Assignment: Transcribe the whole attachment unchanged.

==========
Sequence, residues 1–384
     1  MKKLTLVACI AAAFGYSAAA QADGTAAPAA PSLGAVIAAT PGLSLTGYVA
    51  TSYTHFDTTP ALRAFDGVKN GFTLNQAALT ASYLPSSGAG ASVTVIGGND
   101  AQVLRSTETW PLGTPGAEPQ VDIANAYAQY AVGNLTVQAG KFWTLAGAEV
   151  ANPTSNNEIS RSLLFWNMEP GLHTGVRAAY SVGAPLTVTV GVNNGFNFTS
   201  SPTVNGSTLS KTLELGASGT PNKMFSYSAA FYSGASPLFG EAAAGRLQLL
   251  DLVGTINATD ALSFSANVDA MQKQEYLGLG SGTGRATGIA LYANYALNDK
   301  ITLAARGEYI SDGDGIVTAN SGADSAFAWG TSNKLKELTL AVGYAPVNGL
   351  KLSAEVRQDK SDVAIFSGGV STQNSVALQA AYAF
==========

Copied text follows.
Sequence, residues 1–384
     1  MKKLTLVACI AAAFGYSAAA QADGTAAPAA PSLGAVIAAT PGLSLTGYVA
    51  TSYTHFDTTP ALRAFDGVKN GFTLNQAALT ASYLPSSGAG ASVTVIGGND
   101  AQVLRSTETW PLGTPGAEPQ VDIANAYAQY AVGNLTVQAG KFWTLAGAEV
   151  ANPTSNNEIS RSLLFWNMEP GLHTGVRAAY SVGAPLTVTV GVNNGFNFTS
   201  SPTVNGSTLS KTLELGASGT PNKMFSYSAA FYSGASPLFG EAAAGRLQLL
   251  DLVGTINATD ALSFSANVDA MQKQEYLGLG SGTGRATGIA LYANYALNDK
   301  ITLAARGEYI SDGDGIVTAN SGADSAFAWG TSNKLKELTL AVGYAPVNGL
   351  KLSAEVRQDK SDVAIFSGGV STQNSVALQA AYAF